JobSTART 101: Transitioning Students to Working Professionals

For students who make the transition into corporate life, it can be a rough ride. Everything from using formal language in e-mails to appropriate topics around the water cooler is a new normal.

I know I experienced it when I entered the HR field. At the first SHRM meeting I went to, I was dressed the most casual out of all the other members there. Everyone was buttoned up and professional looking, and it was definitely a bit awkward from my end too.

Of course, if I could have reached out to myself back then with what I know now, I wouldn’t have made that mistake. Even in casual Portland (where many of our elected officials choose blue jeans over informal khakis), I know now that if you want to wear the jeans, you have to wear a pressed shirt and jacket to go with it.

It isn’t just professional dress that’s a problem, it is a whole slew of issues that people generally aren’t prepared for as they exit college. I’ve seen it in my role in HR and I shake my head and wonder, “Why couldn’t they have learned this earlier?” Now there may be a solution for some of that.

JobSTART 101: Getting Real-World Training

I was clued into JobSTART 101 by Alexandra Levit, author of They Don’t Teach Corporate in College and New Job, New You among other titles. As she describes it:

Those of you who have been reading the blog for a while may recall that I was a complete dud in my first corporate PR job.  My boss despised me and my colleagues thought I was overeager, and it took me two years to get a promotion that people with half my work ethic achieved in six months.

The second company that employed me kindly spent a few thousand dollars sending me to a professional development course that changed my career and my life.  I’d like to think that everything the course taught me about developing a strong reputation at work, being diplomatic with colleagues, and driving my career forward was a good investment since I was much more effective after that.

With that in mind, she’s been working on offerings ever since that can help college students transition to the workplace. She started working on JobSTART 101 in conjunction with the Business Roundtable, the HR Policy Association, and business consulting firm Accenture to help students get off on the right foot. The resource is completely free (along with downloadable workbook and additional resources). But what’s the HR spin?

An Onboarding Guide?

So you may not be able to reach out to students before they apply to jobs but what if you were bringing on a college student and told them to complete that program in the first couple days of employment? That’s immediately what popped into my mind as I was going through the program. I’m also guessing that this is why three very business focused firms also bought into the program as well.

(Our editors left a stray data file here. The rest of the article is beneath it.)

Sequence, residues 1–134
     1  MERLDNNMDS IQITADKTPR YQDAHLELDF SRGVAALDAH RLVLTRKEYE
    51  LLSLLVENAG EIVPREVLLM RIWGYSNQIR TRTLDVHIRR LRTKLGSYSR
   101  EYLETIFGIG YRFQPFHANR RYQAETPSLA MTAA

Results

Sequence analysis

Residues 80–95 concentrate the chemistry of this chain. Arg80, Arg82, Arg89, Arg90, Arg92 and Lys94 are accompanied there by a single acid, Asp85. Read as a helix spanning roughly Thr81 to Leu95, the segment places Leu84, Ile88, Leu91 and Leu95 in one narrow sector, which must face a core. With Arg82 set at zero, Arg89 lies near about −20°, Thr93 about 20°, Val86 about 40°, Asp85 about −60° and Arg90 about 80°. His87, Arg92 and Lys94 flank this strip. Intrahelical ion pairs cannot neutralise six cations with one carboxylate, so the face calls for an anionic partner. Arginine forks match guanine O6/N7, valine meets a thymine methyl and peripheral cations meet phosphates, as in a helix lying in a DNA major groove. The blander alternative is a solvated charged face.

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For all of the hand wringing that goes on about Generation Y’s unpreparedness to deal with a professional work environment, very little seems to be done with education. Instead of shaking our heads and wondering when Millennials will get a clue about these issues, we can say, “Take a look at this resource to get an idea of what we expect from our employees.”

And you don’t need to drop thousands of dollars on training to at least get them thinking and talking about professionalism in the workplace. I found my head nodding along with many of the points people were making as mistakes I had seen repeated by new employees.

Once they show they are on the right track and using the tools provided by JobSTART 101, they could be put into more formal professional development programs usually reserved for people that display growth after a year or two.

While some of the stories and exercises exude a bit of cheesiness, there’s enough material here to overlook it in terms of the overall learning outcomes. At the worst, students who come in with the program have a better understanding of the impact that personal/online image and communication have on perception in the workplace.

Lance Haun is the practice director of strategy and insights for The Starr Conspiracy, where he focuses on researching and writing about work technology. He is also a former editor for ERE Media, broadly covering the world of human resources, recruiting, and sourcing. 
He has been featured as a work expert in publications like the Harvard Business Review, The Wall Street Journal, Fortune, MSNBC, Fast Company, and other HR and business websites.
He's based in his Vancouver, Wash., home office with his wife and adorable daughter. You can reach him by email or find him off-topic on Twitter.